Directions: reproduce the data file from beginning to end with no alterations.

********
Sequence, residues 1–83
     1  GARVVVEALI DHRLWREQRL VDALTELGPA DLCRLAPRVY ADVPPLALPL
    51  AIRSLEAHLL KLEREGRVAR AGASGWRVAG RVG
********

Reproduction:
Sequence, residues 1–83
     1  GARVVVEALI DHRLWREQRL VDALTELGPA DLCRLAPRVY ADVPPLALPL
    51  AIRSLEAHLL KLEREGRVAR AGASGWRVAG RVG